Getting Crafty With Paracord

Apr 4, 2014 • News3 Comments

Getting Crafty with Paracord

Originally designed as lines for parachutes in World War II, parachute cord quickly became a very useful cordage for many battlefield uses. Somewhere along the way, parachute cord was shortened to paracord and the  name stuck like gum to the bottom of your shoe. The tough nylon exterior and several inner strands of rope, make for a very strong yet lightweight rope. Unless you’ve been living on the dark side of the moon for the past couple of years, then I am sure you’ve seen the huge spike in popularity of the paracord bracelets. I personally like the idea of being prepared for everything (reference my “4 Pocket Essentials for Every Day Carry” post) but this cordage can be used for a million and one other uses besides being tightly woven around your wrist.

Paracord Shoe Laces

Paracord Shoe Laces

Put aside the fashion statement bracelets and think about where it would be beneficial to have a high strength, lightweight rope. You’d be surprised at all of the wacky ideas that you can come up with when you put your mind to it. I personally think that paracord makes the best shoe laces known to man. You don’t have to wear combat colors to enjoy all that this nylon wonder has to offer.  Because of the popularity of the cord, you can get it in pretty much any color you want, you name the pigment and there’s probably a company out there that sells it. Along with being much stronger than traditional laces, the nicest thing about using paracord for shoelaces is that as long as you have those boots or shoes on you’ll always have a few yards of the stuff with you.

Paracord Knife Lanyard

Paracord Knife Lanyard

Just from sitting on the couch with a bundle of this cordage, you’ll come up with unique ways to use it.  If there’s a will there’s a way, and after picking up a CRKT Minimalist knife I wanted to find a better way to carry it. By simply attaching a length of paracord through an eyelet on the knife’s kydex sheath and tying a simple loop to go around my belt, I now have a way to successfully conceal and deploy my new favorite little knife. With the sheathed knife tucked into the inside of my pants at the 3 o’clock position, a strategic upward pull of the knife handle brings the protected blade out. When it is far enough out, the uber strong paracord snaps the kydex cover off and reveals the blade.  It’s the little gear ideas like this that make paracord your best friend. I didn’t reinvent the wheel or anything but without paracord, I just don’t think this method of deploying a knife would be possible.

Paracord Knife Handle

Paracord Knife Handle

For some odd reason, paracord and knives go together like chicken and waffles. You would think that a knife wrapped in cordage is something of a paradox, because you use a knife to cut rope and never in a million years would it feel right at home as a knife handle.  Magically this combination works and surprisingly enough just about anybody with 10 fingers and half a brain can wrap the handle with paracord (maybe that’s why my knife handle doesn’t look perfect). With the help of a knife to cut the cordage and a lighter to finish off the cut ends, you’ll have an attractive looking handle that sticks to your hand like a magnet. Besides the ease of use, should you ever find yourself in a survival situation or in desperate need of a strong rope, you now have a few feet of paracord at your disposal neatly wrapped around the safe end of your knife.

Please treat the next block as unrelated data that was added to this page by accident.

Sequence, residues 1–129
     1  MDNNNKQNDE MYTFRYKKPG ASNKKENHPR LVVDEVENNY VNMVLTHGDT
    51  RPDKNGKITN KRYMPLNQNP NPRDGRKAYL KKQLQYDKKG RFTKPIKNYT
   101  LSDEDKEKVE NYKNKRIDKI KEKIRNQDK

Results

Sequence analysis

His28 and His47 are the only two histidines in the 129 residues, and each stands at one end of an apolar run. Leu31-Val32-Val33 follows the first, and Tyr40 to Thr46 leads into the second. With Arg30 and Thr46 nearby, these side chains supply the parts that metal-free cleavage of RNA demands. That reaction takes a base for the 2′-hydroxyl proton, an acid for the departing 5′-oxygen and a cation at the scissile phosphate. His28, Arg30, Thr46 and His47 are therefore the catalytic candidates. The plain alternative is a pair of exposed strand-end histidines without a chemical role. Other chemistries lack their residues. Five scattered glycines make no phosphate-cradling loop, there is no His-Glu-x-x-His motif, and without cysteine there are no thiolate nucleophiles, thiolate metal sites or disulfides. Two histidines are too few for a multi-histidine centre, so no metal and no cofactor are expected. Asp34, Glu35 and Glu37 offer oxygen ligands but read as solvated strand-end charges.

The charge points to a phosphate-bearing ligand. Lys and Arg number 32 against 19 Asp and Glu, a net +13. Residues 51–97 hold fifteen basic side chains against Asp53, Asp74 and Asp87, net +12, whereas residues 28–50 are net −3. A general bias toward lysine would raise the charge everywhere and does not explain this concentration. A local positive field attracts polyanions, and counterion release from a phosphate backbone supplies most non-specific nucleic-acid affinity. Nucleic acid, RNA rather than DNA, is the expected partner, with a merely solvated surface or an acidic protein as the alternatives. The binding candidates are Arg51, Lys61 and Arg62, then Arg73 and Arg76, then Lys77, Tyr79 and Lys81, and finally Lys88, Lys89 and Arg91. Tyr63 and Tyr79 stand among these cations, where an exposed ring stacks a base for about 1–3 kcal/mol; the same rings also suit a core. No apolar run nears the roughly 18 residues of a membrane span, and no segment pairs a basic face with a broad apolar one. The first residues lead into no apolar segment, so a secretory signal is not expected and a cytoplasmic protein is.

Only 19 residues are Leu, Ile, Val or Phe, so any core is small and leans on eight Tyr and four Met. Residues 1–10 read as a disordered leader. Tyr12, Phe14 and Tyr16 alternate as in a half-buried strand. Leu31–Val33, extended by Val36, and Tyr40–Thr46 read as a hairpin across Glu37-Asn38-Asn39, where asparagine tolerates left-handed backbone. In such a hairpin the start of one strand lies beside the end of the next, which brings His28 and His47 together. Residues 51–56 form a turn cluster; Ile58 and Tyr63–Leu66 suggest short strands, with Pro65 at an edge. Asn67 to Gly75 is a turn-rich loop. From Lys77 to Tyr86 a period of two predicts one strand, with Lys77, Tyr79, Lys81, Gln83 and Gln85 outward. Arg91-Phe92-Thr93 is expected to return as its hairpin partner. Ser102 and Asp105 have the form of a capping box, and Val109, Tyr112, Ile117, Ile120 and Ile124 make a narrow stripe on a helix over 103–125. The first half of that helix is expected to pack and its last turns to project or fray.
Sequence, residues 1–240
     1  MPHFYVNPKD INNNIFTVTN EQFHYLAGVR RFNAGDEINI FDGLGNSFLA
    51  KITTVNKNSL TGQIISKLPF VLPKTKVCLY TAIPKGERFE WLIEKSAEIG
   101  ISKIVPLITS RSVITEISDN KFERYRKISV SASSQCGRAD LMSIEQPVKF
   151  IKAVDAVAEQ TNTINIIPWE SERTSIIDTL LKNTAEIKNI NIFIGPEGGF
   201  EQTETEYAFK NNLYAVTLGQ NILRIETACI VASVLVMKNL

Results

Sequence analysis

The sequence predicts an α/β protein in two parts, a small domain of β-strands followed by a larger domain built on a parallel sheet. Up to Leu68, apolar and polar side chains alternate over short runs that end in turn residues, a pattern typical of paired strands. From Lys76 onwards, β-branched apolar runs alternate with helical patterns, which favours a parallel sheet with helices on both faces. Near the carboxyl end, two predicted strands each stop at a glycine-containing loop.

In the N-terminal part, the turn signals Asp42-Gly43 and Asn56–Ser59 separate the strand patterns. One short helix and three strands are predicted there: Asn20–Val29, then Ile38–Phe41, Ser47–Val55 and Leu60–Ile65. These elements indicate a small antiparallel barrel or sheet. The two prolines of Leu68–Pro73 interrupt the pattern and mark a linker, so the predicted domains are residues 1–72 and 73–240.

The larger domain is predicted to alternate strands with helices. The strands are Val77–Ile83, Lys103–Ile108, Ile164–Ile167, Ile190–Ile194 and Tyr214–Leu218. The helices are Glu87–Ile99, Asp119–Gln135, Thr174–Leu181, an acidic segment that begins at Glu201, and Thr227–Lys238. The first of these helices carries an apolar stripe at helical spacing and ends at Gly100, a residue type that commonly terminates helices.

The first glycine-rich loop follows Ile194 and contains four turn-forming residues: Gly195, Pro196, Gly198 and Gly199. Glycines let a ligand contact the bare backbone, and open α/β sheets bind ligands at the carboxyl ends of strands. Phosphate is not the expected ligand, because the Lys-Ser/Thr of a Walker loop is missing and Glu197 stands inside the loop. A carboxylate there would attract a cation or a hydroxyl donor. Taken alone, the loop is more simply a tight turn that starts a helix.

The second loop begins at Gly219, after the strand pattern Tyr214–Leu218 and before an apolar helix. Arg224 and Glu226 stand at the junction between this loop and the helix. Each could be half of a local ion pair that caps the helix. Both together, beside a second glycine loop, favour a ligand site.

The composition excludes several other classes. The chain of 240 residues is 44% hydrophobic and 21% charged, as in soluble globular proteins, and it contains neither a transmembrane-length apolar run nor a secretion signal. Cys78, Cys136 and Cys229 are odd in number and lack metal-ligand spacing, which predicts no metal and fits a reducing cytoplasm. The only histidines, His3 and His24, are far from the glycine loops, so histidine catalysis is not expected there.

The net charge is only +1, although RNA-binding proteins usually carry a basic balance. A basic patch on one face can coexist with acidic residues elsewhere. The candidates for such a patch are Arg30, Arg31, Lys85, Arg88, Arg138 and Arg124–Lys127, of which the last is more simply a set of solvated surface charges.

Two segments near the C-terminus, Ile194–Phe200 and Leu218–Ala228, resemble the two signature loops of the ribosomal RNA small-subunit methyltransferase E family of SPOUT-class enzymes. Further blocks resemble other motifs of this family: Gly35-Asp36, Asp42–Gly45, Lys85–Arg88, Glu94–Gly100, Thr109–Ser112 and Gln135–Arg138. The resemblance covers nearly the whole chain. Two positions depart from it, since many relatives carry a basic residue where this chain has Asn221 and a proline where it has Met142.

Paracord Belt Loops

Paracord Belt Loops

The thing with this wonder rope is, you only fully appreciate it when you use it for something you never thought it’d excel at. Who ever thought that replacing the polymer belt attachments on knife sheaths with an unobtrusive loop of paracord would work? Sure it’s no TEK-LOK, but making some of these loops costs roughly $0.20.  Price aside, paracord is much slimmer and lighter than any other option for attaching bladed weapons to you or your gear.

I am not the end all be all creator of everything paracord. I did however show you a few ways that you could use it other than storing it around your wrist as bracelet. If Martha Stewart ditched the flowers and ribbon for the tactical lifestyle, paracord would be her go-to material for getting crafty with gear. The stuff is literally like duct tape, you can use it for pretty much anything and a lot of the time I doPick up 100 feet of paracord so the next time you’re bored on the couch, you can grab your gear and see what you come up with.

What have you created out of paracord lately? Let me know in the comment box below. As always guys, shoot em straight and be safe!

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3 Responses to Getting Crafty With Paracord

  1. Zack says:

    It’s great for reinforcing handles on backpacks and replacing zipper pulls. I have an all black 5.11 Rush 12 and wanted to add some visibility to the bag so I used olive drab paracord that has reflective strands sewn in. It’s low profile during the day but at night offers a bit more visibility while walking.

    • Jeremy L says:

      I agree. Another great thing to do is before you tie the knot in the paracord zipper pulls, cut a 1-2 inch piece of heat shrink tubing onto the ends, tie your chosen knot and then take a lighter to the ends and the heat shrink tubing.

  2. Jake says:

    It’s great to see you mention heat shrink tubing. I agree that paracord makes for the best bootlaces and heat shrink tubing is excellent for making aglets to finish the laces off.

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